Earlier this year, I participated in the official launch of the Dietary Guidelines for Americans (DGA) 2010—the nation’s blueprint for healthy eating—issued every five years since 1980. The DGA 2010 is the most science-based edition of the guidelines and will influence and inform dietitians, nutritionists, families, chefs, health care providers, schools, food manufacturers and processors, and will command the engagement of public food and nutrition entities for many years.
Importantly, the DGA 2010 recommend more plant-based foods, less processed food, more whole grains, more leafy greens, more vegetables, more fruits, lean meats, less fat, less sodium, more legumes, more seafood, and smaller portions of food for most of us. And, a better balance between the calories we consume and the calories we expend through exercise and activity.
For the better, in conjunction with public and voluntary food-assistance programs, there is a concerted and expanding effort to educate and promote healthier foods, less processed foods, more locally grown and produced foods.
Farmers’ markets, farm-to-school programs, and “Know Your Farmer— Know Your Food,” are all reflections of policies and programs intended to support healthier eating throughout the lifespan.
Renewed interest in home gardens, organic farming, healthier eating, farmers’ markets, school gardens, native fruits and vegetables, and even the ability for households to purchase fruits and vegetable seeds using food stamp benefits are all hopeful signs of reversing and altering our overreliance on processed foods and a return to healthier eating.
The focus on healthier foods comes at a time of heightened, justified concern in Maine and across the country on the prevalence of obesity and related heath conditions that are due to obesity.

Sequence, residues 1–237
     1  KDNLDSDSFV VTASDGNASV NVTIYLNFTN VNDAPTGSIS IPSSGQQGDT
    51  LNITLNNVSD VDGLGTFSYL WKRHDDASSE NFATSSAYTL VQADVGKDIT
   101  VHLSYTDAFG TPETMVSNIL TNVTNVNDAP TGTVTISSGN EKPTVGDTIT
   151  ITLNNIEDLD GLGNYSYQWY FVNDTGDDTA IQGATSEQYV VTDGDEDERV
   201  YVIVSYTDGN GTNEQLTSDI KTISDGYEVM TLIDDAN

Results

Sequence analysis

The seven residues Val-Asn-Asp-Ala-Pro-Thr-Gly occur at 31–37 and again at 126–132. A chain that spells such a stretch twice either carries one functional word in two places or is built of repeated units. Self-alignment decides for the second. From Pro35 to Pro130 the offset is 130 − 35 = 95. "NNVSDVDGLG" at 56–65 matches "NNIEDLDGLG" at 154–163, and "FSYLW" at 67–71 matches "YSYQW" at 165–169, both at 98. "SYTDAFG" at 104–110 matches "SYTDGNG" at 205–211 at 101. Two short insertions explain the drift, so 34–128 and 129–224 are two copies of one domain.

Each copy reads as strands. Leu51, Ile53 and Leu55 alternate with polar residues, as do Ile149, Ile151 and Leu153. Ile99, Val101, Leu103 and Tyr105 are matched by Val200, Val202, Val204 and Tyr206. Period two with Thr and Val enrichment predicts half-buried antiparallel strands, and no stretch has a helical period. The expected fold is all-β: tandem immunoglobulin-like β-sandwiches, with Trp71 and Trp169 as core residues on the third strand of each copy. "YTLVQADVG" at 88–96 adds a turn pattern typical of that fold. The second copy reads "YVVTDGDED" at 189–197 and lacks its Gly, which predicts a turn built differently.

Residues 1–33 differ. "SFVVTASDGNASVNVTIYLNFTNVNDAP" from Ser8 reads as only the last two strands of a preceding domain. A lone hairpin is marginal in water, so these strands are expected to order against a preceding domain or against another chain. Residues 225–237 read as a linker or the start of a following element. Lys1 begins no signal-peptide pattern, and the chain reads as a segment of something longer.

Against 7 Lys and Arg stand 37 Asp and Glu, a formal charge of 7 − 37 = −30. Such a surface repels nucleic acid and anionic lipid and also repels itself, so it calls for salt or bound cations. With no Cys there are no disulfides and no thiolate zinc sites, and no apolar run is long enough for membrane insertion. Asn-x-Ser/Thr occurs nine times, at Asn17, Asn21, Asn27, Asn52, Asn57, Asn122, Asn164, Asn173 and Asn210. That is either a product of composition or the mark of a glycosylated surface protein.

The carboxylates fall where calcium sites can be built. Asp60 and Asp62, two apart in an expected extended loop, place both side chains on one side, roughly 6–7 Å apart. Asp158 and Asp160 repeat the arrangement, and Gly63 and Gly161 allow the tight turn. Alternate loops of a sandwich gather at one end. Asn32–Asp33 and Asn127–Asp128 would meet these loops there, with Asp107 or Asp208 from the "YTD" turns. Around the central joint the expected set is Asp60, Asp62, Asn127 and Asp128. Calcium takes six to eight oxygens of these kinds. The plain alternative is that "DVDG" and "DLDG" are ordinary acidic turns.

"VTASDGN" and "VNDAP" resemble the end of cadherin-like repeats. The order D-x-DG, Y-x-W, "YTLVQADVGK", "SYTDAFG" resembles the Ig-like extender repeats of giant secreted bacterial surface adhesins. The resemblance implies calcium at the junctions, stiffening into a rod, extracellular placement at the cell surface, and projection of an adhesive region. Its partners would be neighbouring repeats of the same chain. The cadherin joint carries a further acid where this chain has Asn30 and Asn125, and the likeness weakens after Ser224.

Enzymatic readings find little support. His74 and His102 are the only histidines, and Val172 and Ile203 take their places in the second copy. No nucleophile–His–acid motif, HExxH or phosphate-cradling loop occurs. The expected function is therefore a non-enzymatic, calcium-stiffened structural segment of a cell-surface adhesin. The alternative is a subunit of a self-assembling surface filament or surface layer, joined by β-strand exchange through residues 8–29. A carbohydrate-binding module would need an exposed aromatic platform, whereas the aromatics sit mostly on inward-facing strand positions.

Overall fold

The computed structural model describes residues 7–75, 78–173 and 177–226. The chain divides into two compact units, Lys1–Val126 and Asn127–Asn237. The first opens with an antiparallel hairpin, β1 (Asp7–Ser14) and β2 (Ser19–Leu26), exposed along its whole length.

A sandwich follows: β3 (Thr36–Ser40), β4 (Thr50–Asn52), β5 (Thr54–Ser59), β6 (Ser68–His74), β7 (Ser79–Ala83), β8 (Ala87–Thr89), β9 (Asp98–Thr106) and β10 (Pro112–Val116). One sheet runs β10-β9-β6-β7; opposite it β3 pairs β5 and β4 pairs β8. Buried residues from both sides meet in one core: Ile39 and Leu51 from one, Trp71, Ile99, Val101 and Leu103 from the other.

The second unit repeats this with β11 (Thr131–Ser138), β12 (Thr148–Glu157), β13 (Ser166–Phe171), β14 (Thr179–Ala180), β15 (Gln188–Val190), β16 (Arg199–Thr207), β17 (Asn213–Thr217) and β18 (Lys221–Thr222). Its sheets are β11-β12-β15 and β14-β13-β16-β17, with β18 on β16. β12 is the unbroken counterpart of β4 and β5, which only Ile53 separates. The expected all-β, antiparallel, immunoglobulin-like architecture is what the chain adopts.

The focus on healthier foods comes at a time of heightened, justified concern in Maine and across the country on the prevalence of obesity and related heath conditions that are due to obesity. Healthier foods combined with proper exercise obviously help one’s quality of life. But they also help prevent avoidable healthcare costs due to obesity-related conditions.
I have seen the impacts of locally grown and caught healthy foods in nutrition programs. But I am also mindful of the “green” dividends from locally produced farm and sea products. Maine is well positioned to further exploit the foods produced and caught in the state, and I look forward with enthusiasm to growth in Maine and beyond in healthier eating and increases in locally grown foods.
Kevin Concannon has served as under secretary for Food, Nutrition, and Consumer Services in the US Department of Agriculture since 2009. He has had a lengthy and distinguished career in public service. Over the past 25 years, he has served as director of state health and human services departments in Maine, Oregon, and Iowa. He has championed expanded services, improved access, alternatives to institutions, consumer choices, affordable health care, diversity in workplace and programs, and modernization of public information technology systems.
Recommended Citation: Concannon, Kevin W. 2011. “Food and the Urgency of Now.” Maine Policy Review 20(1): 8–9.